Recap: Arkwright Second Edition First Impressions

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It’s been a while since unclear rules lead to a disaster in play. After that happened last time with Arkwright, though, I went on the boards and got clarification straight from the designer. This week, I grabbed three enthusiastic economic players and we decided to do it up with the entirely correct rules. And the game was fantastic.

Arkwright. It was a first play of a very heavy game. So I decided that my goal would mostly be to pull various nobs and levers and see how they worked. Sure, I did it in a coherent way that ultimately advanced my position, but I also wanted to see how the nuts and bolts worked. And I especially wanted to try a shipping strategy since the rules related to shipping were the ones that we totally fouled up last time.

The nice thing about the shipping strategy is that it keeps your stock price low while hoarding up your reserves. So I was able to gobble up 29 of my shares at very good prices. In the final two rounds, I pivoted toward bumping up my stock. Unfortunately, I had restricted myself to just two factories – bread and clothes. And only producing twice a turn, I only got my share price to 16. Not enough for the win, but a respectable second place.

In the future, I think I’d push the shipping a little more. The most I ever shipped was 6. But if I would have been able to ship 8 at a time, the payouts would have helped me open and operate a third factory by the final rounds. With a third factory, I could have gotten my share price up to at least 20ish and that would have put me closer to the lead.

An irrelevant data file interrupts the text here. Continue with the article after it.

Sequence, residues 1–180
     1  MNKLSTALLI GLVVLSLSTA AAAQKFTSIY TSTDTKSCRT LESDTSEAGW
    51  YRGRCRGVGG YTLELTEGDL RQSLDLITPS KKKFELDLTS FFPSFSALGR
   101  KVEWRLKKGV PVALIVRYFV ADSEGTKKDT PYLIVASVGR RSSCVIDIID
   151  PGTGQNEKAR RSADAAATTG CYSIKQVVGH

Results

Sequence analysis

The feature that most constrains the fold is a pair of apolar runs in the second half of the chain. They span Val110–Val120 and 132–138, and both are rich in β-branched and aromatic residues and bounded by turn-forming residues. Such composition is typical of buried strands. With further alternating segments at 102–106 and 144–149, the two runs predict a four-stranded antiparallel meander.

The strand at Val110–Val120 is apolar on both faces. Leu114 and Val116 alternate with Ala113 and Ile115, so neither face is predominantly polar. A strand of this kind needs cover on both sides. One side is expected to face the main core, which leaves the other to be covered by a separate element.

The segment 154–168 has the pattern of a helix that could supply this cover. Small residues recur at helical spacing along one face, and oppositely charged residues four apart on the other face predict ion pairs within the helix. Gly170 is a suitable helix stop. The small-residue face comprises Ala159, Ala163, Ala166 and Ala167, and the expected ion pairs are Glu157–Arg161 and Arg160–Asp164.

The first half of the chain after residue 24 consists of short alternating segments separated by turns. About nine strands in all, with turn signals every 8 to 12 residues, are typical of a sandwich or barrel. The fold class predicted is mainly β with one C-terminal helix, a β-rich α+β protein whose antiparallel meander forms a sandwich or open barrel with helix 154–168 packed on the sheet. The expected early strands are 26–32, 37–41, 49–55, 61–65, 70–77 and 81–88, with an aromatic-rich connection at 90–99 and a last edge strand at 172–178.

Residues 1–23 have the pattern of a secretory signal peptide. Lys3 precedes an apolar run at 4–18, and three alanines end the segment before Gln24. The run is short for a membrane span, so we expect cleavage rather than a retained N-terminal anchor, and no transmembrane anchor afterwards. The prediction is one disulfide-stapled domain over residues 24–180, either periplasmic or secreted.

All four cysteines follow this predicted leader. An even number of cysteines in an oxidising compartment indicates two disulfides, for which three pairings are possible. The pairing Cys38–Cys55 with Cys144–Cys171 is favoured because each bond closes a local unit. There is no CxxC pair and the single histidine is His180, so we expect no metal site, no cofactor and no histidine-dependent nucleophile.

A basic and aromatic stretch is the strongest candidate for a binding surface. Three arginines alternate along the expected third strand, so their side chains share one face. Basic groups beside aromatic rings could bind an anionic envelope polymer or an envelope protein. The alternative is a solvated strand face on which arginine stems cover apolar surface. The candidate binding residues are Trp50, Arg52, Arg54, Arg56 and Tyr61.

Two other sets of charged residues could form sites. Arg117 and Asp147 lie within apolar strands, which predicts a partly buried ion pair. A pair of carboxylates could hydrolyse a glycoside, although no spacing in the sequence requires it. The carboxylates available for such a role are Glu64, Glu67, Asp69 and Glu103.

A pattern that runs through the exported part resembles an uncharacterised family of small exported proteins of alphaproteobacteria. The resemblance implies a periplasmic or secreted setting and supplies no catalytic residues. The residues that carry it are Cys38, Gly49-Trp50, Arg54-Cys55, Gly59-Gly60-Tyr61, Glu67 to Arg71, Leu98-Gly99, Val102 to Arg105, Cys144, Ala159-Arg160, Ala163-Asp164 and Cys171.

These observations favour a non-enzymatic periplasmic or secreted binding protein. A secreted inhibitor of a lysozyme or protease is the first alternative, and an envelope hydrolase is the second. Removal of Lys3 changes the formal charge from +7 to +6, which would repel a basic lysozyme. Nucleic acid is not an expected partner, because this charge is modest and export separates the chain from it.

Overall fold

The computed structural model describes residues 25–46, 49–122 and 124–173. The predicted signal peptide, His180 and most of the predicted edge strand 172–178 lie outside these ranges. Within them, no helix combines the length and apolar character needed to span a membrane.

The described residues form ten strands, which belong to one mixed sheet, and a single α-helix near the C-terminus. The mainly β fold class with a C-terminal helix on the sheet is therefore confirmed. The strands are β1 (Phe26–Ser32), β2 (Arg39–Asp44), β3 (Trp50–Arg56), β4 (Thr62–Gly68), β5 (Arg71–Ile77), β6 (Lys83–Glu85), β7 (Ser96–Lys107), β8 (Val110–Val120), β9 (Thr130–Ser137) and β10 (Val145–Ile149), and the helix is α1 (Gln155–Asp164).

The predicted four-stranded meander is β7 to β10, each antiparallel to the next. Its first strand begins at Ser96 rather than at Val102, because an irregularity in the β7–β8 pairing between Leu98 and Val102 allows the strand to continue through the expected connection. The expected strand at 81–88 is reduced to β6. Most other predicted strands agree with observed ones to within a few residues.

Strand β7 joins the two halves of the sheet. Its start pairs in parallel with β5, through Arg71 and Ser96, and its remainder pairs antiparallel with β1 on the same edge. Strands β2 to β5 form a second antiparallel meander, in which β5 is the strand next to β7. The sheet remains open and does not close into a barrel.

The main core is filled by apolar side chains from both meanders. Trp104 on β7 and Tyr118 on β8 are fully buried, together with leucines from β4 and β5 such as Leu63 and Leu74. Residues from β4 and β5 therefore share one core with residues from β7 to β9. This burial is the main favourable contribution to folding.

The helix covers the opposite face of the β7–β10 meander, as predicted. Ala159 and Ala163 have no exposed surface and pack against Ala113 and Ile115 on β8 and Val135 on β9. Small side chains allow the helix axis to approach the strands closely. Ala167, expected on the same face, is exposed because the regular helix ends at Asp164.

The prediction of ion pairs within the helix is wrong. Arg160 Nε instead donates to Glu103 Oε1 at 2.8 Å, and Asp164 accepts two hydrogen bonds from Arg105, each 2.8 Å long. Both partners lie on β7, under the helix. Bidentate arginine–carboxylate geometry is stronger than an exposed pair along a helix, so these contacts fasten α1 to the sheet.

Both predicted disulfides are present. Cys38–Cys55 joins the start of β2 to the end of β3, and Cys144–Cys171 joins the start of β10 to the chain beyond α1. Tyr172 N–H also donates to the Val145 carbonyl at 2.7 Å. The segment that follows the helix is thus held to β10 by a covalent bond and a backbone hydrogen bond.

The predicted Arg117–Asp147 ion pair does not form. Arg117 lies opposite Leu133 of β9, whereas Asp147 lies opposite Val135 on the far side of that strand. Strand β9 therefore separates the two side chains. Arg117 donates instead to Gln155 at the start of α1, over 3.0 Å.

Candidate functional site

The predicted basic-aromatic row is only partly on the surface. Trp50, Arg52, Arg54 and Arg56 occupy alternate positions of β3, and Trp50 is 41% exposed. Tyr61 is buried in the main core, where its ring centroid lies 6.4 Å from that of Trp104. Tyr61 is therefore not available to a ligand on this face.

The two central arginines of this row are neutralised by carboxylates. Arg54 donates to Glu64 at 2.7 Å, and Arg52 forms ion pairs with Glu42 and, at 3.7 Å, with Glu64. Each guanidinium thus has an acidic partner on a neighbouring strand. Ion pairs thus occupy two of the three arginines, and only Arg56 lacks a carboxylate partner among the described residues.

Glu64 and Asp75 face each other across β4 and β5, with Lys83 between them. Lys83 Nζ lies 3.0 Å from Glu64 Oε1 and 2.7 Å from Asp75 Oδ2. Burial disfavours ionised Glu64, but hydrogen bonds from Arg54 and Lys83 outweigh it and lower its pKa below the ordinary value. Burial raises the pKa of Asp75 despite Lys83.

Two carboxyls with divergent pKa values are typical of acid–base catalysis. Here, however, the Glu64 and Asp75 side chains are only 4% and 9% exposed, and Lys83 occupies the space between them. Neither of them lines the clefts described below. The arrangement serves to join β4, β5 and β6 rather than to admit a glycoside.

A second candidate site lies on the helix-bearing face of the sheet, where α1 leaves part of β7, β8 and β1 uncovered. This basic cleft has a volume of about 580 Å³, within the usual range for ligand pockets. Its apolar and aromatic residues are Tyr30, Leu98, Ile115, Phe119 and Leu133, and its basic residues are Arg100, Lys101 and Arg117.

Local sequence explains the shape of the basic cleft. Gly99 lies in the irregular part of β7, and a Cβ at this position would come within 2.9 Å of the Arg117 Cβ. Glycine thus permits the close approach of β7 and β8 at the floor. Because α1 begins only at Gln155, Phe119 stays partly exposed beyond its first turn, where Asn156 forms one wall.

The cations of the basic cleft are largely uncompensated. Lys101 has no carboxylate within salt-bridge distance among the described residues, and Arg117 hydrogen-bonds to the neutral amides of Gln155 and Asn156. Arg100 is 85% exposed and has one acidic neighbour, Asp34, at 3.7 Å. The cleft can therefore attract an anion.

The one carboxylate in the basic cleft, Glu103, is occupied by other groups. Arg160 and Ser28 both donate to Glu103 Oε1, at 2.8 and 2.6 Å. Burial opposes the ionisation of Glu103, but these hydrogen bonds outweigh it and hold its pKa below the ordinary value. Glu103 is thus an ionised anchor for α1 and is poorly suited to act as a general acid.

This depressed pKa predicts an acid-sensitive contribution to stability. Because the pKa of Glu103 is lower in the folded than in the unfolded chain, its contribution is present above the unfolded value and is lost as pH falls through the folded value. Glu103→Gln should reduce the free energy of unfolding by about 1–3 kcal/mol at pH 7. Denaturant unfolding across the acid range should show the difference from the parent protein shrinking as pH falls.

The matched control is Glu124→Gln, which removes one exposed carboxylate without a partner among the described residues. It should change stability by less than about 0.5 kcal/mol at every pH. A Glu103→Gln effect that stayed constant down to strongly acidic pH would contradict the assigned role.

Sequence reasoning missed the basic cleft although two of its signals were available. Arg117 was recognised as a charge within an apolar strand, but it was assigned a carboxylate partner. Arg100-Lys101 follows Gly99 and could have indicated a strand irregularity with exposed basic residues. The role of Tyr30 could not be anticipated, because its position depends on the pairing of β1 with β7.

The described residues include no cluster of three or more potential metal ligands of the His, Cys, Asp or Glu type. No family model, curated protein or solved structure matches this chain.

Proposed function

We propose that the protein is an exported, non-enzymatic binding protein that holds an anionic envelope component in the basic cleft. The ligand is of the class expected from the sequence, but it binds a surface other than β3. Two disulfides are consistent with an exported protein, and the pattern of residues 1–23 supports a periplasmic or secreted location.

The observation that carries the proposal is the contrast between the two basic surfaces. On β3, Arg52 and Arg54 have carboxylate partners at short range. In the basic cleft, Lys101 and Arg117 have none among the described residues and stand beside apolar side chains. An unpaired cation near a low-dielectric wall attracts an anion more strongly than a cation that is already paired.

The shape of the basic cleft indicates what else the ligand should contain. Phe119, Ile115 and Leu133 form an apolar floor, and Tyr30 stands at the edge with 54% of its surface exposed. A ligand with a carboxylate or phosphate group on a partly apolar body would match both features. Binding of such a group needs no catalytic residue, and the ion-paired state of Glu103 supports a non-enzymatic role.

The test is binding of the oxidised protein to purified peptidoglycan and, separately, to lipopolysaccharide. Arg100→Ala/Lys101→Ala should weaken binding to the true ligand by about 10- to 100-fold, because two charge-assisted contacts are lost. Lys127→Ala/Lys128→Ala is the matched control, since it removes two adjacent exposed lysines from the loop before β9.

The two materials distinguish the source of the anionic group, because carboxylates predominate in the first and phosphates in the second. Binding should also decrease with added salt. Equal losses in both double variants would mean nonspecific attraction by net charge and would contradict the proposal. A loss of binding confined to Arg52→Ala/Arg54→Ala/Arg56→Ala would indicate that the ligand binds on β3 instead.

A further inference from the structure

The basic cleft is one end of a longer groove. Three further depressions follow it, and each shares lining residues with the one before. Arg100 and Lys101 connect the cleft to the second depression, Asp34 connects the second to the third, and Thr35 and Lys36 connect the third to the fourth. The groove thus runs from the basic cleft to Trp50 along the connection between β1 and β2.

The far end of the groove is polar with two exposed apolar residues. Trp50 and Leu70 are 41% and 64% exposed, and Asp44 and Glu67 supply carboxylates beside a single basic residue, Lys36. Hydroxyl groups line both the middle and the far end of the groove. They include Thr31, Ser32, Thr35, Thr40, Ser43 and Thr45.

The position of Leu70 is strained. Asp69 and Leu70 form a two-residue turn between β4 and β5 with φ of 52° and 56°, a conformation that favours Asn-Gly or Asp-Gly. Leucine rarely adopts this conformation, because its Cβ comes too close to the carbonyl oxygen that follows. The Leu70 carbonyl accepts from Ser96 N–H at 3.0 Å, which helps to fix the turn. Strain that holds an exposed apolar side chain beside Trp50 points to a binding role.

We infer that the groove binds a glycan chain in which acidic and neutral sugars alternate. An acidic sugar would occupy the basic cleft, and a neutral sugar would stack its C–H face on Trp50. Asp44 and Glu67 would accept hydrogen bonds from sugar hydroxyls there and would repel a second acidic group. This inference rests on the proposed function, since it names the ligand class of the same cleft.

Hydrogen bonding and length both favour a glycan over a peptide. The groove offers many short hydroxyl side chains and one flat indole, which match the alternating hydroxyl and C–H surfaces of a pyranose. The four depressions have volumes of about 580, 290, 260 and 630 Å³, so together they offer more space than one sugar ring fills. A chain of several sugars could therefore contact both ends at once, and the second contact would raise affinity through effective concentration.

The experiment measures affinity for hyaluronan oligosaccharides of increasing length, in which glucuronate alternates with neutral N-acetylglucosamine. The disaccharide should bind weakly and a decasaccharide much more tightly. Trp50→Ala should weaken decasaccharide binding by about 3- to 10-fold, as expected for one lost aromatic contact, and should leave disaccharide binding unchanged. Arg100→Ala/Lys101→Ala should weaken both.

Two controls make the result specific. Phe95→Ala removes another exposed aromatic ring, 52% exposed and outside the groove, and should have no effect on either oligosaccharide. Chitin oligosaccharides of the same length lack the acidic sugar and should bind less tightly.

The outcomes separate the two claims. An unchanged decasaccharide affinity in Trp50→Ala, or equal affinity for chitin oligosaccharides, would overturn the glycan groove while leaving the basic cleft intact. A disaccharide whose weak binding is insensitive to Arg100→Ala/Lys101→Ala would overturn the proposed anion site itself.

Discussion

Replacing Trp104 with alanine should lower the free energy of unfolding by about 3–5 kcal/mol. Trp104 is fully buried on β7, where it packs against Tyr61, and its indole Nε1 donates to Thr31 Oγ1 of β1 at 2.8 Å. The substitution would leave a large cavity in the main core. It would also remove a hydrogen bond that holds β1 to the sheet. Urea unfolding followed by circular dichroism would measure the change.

The player who won did the opposite strategy. I don’t think he ever shipped, but he ran his factories until they were extremely profitable. By game end, he had level IV factories for both cutlery and lamps and was making a net 70 pounds or more when running them. Even though his stock price was comparatively high (about 22 pounds), he made so much money that he was able to buy 28 of his shares before the game ended.

I’m really interested in the variant that allows you to invest in other players’ companies. The shifting and organic alliances and different incentives that creates seems really interesting to me. The only negative with our play was that it clocked in at about 4 hours. Sure we were new to the game, so I’m sure that playtime will decrease with experience. But once I’m talking about committing that chunk of time, you’re competing with greats like Mage Knight and Through the Ages. Arkwright is awesome, but perhaps not quite in that category.

Also Played. Vikings on Board.

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